Cyclists gear up for Big Bike Revival

David Cameron, Boris Johnson and Andrew Mitchell apart, you rarely see a politician on a bike. Which is funny, because political parties love cycling. It plays to key agendas such as health and the environment and it’s an easy win as far as boosting green credentials is concerned.
The outgoing coalition government put its money where its mouth was with £1 million of backing for a campaign to help people cycle more safely by giving them the skills to fix and maintain their bikes.

On yer bike

The Big Bike Revival, masterminded by cycling charity CTC, aims to encourage more people to dig out their old bike and rediscover the joys of cycling. The campaign begins in earnest in May, when would-be cyclists will be able to take their bike to a participating re-cycle centre. They can then learn how to fix and maintain the bike, or trade it in for a different model. People will also be able to find out about cycle training and other activities in the area. You will even be able to donate any unwanted bicycles.

Pollution solution

Announcing the government backing, Robert Goodwill, the coalition’s transport minister, said: “We are serious about getting people on their bike – cycling is great for our health and means less-congested cities and less pollution. “Now spring has arrived, there is no better time to bring out that bike gathering dust in the shed. “The Big Bike Revival will help you sort out the punctures and minor mechanical problems that we have all used as an excuse not to get out on two wheels.”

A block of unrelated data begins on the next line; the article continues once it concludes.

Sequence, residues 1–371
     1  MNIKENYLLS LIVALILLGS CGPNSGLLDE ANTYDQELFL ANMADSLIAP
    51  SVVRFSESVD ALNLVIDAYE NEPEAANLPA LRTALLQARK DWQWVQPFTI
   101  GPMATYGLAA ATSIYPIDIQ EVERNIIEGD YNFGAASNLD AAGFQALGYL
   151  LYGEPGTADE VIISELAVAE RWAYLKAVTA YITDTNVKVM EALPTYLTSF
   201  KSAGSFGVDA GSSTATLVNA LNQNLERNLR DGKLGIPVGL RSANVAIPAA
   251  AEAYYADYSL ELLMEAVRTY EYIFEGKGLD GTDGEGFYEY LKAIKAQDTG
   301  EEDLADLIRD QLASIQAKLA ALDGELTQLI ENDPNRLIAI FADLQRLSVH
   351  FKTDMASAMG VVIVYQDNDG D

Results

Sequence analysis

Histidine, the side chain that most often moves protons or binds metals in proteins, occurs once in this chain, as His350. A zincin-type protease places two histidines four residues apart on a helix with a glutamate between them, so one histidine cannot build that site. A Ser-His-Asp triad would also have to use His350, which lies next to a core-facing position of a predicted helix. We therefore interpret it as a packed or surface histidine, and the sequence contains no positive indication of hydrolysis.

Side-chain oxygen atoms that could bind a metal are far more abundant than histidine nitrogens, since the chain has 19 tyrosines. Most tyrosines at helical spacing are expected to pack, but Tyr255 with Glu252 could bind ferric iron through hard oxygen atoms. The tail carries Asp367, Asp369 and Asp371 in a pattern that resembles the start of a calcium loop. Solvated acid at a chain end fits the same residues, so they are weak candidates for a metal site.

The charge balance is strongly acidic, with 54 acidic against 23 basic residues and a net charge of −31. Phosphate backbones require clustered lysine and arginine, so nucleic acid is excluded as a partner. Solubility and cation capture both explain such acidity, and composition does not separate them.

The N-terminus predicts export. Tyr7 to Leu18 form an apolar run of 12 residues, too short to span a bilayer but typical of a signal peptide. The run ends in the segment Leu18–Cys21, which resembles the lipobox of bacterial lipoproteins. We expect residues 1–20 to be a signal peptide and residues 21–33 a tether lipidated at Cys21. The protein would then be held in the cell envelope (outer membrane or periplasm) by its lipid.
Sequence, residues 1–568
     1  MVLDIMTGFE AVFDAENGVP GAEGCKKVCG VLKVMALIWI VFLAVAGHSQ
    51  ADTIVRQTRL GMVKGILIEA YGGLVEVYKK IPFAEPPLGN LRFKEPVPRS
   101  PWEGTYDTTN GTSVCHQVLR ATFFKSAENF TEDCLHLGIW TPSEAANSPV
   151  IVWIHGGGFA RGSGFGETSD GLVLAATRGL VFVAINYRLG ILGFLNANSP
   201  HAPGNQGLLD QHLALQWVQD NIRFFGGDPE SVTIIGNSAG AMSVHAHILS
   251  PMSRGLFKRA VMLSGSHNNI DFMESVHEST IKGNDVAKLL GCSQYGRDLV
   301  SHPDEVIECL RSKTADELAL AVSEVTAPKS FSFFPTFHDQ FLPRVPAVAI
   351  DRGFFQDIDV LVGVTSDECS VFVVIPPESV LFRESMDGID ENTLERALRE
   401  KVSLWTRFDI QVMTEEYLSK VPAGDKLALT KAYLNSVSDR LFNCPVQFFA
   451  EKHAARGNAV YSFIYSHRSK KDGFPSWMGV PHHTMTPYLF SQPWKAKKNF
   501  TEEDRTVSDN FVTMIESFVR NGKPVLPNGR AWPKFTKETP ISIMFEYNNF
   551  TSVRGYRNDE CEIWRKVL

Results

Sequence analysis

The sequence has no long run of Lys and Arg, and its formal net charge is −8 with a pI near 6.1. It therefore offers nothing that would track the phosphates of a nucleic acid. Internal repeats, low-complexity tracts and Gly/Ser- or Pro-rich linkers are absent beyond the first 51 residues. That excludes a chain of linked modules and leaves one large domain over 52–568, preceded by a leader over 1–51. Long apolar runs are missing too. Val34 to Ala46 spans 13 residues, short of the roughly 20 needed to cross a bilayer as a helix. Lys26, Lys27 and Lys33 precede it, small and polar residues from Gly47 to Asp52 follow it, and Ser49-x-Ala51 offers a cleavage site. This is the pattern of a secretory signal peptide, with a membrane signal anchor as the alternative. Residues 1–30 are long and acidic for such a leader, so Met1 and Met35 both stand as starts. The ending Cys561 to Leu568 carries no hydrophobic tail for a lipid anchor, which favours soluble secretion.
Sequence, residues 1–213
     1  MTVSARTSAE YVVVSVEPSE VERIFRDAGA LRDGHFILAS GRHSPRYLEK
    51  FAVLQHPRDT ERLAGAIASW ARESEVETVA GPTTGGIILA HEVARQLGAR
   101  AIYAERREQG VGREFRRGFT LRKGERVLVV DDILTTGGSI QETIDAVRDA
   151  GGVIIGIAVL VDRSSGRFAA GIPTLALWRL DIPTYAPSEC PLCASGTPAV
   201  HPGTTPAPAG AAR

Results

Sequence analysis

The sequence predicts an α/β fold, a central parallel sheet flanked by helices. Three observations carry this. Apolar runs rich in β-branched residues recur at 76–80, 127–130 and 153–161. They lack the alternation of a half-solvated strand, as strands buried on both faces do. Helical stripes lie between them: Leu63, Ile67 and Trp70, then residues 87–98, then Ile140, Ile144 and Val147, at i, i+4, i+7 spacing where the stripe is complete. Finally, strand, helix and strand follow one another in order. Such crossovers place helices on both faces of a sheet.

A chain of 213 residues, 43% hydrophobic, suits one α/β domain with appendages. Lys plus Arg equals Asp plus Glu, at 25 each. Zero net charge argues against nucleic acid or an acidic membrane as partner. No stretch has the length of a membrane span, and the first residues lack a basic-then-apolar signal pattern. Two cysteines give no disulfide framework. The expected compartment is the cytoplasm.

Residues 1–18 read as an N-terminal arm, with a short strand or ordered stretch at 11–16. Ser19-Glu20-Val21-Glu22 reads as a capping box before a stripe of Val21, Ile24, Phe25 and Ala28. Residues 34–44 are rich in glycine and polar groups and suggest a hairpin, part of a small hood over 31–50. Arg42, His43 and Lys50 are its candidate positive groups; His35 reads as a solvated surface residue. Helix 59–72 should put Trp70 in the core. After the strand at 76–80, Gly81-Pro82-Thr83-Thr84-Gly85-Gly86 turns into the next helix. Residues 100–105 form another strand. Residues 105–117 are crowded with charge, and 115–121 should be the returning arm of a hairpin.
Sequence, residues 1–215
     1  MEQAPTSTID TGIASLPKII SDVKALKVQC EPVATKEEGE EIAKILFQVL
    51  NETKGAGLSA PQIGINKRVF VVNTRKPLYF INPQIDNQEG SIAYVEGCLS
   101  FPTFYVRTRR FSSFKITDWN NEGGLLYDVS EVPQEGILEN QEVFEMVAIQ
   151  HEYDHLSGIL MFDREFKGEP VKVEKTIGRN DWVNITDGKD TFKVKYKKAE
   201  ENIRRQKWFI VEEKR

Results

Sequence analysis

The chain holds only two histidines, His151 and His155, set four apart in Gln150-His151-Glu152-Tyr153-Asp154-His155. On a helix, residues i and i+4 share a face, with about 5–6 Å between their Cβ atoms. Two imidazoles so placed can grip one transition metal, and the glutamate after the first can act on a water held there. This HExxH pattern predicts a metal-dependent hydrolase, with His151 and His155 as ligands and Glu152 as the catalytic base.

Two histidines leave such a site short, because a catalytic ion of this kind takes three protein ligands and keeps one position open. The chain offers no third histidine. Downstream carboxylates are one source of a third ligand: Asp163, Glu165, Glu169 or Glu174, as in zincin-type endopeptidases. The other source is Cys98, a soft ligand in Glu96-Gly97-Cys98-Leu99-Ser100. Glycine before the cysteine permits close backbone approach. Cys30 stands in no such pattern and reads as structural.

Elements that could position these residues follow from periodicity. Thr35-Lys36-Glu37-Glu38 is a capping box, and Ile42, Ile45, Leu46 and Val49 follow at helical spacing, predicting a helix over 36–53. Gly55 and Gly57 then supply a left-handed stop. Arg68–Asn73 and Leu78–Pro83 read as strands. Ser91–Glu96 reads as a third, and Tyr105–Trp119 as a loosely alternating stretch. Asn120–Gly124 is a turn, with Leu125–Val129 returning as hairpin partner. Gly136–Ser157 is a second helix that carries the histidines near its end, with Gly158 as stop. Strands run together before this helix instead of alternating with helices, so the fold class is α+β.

Saddle sore

In 2013, 42% of adults in Britain had access to a bicycle, yet 63% had not ridden in the previous year. But 37% say they could easily swap the car for the bike for short journeys of less than two miles.
A CTC pilot project in October 2014 proved a big success, attracting more than 1,300 people to 10 centres across West Yorkshire, Greater Manchester and Liverpool. A final list of participating re-cycle centres will be available in May – watch this space.

Ride and park

The outgoing government also announced a further £15 million on improvements to cycle facilities at nearly 300 railway stations across the country. The money will pay for an additional 7,500 cycle parking spaces at 279 stations, tripling the number of cycle parking spaces at stations since 2010. Major stations set to benefit from a grant include Derby, Lincoln, Dorking, Preston and Rugby. There will also be a new cycle route and 300 cycle parking spaces in Cheltenham Spa.

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